homepage logo

Swim center discussion goes late

By Staff | Apr 26, 2010

Cape Coral City Council heard a formal presentation from city, county and National Swimming Center Officials on Monday, hoping they would glean the information needed to endorse a Memorandum of Understanding for all parties to keep the Concourse at Cape Coral moving forward.
Lee County Sports Authority Director Jeff Mielke said the project — with a projected cost of $84.9 million — would pump $21 million of “new money” into the local economy, and generate 65,704 room nights, numbers that were equal to a single Majojr League Baseball spring training team.
He said those figures were conservative, and he based them on a schedule of 12 annual swimiming events. He said he did not include diving or syncronized swimming events in his estimates.
“This aquatic center, on a very conservative model, generates spring training numbers,” Mielke said.
City Council was still debating the issue at press time, but the board members still felt there were unanswered questions from the presentation.
Designed as a multi-phase project, NSCC officials said they do not have a hotelier on board for the hotel/convention center portion.
Councilmember Pete Brandt, too, didn’t feel the numbers in the presentation proved the business model to be a successful one.
“I don’t see how we can get there,” he said. “There’s still a lot more I want to see.”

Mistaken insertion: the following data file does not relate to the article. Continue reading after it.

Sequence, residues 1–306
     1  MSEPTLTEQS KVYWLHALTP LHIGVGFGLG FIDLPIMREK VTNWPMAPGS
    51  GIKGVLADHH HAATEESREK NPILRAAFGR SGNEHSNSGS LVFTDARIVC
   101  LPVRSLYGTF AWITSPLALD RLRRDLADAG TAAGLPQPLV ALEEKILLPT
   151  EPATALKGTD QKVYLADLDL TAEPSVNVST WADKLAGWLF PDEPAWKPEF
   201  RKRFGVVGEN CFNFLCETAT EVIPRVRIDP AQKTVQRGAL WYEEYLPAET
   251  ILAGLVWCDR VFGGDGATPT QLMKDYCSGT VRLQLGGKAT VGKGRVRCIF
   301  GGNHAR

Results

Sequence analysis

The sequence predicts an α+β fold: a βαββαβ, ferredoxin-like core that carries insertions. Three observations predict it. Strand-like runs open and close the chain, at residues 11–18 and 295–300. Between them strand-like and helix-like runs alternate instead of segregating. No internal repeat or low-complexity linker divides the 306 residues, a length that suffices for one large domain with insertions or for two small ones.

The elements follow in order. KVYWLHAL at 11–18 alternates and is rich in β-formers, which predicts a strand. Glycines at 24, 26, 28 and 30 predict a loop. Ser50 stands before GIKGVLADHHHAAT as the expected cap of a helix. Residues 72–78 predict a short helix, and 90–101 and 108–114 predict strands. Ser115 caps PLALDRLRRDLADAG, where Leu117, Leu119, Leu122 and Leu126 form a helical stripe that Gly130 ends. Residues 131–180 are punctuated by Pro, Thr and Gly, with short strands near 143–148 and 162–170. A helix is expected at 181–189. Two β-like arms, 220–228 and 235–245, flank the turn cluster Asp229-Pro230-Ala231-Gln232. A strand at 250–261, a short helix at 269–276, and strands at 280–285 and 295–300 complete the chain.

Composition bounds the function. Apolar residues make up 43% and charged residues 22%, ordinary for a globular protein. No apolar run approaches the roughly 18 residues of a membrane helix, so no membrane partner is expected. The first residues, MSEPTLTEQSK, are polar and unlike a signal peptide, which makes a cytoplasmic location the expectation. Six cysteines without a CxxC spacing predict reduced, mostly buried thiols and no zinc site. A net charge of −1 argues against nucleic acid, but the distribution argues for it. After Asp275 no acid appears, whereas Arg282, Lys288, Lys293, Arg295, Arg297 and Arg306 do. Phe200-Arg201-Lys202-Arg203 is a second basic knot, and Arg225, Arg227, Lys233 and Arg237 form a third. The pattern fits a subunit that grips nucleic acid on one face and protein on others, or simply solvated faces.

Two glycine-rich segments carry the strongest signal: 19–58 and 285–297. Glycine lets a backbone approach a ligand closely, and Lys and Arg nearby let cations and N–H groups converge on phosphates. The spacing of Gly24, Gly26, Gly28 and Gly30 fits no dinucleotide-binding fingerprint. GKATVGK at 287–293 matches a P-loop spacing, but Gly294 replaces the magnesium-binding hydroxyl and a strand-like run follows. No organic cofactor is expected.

John Mcilargy, director of project development for the NSCC, said the business model was so new, that it was difficult to measure how successful it could be.
“We think our business model works very well,” he said.
To ensure that the arena is open by December 2012, it was determined that a contract between the city, Lee County and the NSCC needs to be in place by June of this year.
A tight timeline exists because, according to NSCC officials, the bid cycle for swim events would not favor the new facility if it were not open by 2012.
Councilmember Marty McClain said the council needs to focus on more than just the swimming portion of the facility, and to take into account all the financial possibilities associated with the project.
He also said the memorandum of understanding was not the end-all be-all, merely a jumping off point to continue the negotiation process with all involved parties.
“The MOU is nothing more than generating a contract,” McClain said.
City Council was still debating the issue at press time.